Information processing without brains--the power of intercellular regulators in plants.

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Plants exhibit different developmental strategies than animals; these are characterized by a tight linkage between environmental conditions and development. As plants have neither specialized sensory organs nor a nervous system, intercellular regulators are essential for their development. Recently, major advances have been made in understanding how intercellular regulation is achieved in plants on a molecular level. Plants use a variety of molecules for intercellular regulation: hormones are used as systemic signals that are interpreted at the individual-cell level; receptor peptide-ligand systems regulate local homeostasis; moving transcriptional regulators act in a switch-like manner over small and large distances. Together, these mechanisms coherently coordinate developmental decisions with resource allocation and growth.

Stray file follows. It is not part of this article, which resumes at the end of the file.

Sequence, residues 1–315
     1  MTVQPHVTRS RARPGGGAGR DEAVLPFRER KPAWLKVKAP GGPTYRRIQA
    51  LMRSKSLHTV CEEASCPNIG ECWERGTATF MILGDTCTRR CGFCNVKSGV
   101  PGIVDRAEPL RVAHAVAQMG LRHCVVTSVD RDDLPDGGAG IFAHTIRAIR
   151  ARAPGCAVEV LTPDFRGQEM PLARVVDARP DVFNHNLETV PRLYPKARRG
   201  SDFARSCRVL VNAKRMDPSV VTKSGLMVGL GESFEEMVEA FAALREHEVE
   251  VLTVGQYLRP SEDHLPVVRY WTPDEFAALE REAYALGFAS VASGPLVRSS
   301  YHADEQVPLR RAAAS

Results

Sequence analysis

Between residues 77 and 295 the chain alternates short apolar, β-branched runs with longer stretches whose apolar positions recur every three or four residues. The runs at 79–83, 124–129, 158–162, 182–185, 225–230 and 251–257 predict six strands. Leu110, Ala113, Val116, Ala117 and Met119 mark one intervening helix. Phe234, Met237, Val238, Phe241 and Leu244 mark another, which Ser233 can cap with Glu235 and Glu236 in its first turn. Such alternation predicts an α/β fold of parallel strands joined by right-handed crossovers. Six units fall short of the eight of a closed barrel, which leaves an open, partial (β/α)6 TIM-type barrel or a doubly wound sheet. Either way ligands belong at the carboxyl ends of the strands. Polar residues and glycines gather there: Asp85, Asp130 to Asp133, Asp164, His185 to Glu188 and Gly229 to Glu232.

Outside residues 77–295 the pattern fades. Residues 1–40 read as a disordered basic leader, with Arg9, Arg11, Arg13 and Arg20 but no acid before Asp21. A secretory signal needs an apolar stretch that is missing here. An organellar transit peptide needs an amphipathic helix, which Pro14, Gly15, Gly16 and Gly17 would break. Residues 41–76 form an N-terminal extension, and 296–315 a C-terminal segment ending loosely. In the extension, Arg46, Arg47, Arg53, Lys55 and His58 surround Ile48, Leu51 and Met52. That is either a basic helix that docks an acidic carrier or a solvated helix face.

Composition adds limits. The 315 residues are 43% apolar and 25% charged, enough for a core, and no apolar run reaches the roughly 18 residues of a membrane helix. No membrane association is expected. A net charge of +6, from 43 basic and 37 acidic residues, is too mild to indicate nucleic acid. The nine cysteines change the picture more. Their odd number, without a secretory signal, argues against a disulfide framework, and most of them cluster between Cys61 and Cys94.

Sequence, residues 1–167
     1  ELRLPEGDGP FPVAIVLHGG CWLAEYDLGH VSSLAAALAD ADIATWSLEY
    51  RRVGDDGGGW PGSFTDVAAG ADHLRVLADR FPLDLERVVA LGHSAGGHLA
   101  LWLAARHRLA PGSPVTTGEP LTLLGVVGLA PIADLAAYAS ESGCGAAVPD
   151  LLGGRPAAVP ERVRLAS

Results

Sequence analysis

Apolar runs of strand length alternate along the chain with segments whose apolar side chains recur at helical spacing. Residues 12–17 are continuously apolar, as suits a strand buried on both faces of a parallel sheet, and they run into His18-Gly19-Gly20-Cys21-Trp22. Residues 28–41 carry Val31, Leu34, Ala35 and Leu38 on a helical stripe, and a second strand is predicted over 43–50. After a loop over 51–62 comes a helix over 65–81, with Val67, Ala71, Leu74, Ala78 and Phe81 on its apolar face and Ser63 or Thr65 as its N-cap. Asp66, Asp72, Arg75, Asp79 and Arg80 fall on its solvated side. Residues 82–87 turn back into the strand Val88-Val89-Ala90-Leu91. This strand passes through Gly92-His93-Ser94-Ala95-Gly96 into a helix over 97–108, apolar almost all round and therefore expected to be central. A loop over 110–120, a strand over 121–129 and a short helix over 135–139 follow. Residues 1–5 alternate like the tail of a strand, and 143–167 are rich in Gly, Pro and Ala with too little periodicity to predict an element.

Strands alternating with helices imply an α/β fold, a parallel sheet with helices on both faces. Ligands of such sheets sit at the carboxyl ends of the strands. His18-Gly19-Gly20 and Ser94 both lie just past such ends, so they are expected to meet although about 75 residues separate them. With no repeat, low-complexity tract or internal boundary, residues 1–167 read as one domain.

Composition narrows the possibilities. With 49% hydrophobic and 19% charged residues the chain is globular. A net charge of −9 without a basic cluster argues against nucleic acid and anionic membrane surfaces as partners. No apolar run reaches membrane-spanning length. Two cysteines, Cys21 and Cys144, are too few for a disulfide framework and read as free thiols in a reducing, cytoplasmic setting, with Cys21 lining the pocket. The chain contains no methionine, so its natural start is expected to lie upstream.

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Busch, Wolfgang, and Philip N Benfey (2010). Information processing without brains--the power of intercellular regulators in plants. Development, 137(8). pp. 1215–1226. 10.1242/dev.034868 Retrieved from

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